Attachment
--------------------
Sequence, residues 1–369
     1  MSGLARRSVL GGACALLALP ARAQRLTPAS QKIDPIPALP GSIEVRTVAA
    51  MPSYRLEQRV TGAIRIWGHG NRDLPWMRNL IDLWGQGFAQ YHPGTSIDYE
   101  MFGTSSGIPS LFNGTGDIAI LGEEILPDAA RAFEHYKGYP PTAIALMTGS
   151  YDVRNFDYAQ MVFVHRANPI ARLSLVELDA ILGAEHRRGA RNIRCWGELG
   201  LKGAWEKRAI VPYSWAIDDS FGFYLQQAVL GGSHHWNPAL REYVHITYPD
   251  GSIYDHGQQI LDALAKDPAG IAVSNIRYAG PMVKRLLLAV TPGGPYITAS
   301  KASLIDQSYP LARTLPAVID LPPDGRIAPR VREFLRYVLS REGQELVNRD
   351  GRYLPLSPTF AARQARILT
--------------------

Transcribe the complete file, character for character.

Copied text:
Sequence, residues 1–369
     1  MSGLARRSVL GGACALLALP ARAQRLTPAS QKIDPIPALP GSIEVRTVAA
    51  MPSYRLEQRV TGAIRIWGHG NRDLPWMRNL IDLWGQGFAQ YHPGTSIDYE
   101  MFGTSSGIPS LFNGTGDIAI LGEEILPDAA RAFEHYKGYP PTAIALMTGS
   151  YDVRNFDYAQ MVFVHRANPI ARLSLVELDA ILGAEHRRGA RNIRCWGELG
   201  LKGAWEKRAI VPYSWAIDDS FGFYLQQAVL GGSHHWNPAL REYVHITYPD
   251  GSIYDHGQQI LDALAKDPAG IAVSNIRYAG PMVKRLLLAV TPGGPYITAS
   301  KASLIDQSYP LARTLPAVID LPPDGRIAPR VREFLRYVLS REGQELVNRD
   351  GRYLPLSPTF AARQARILT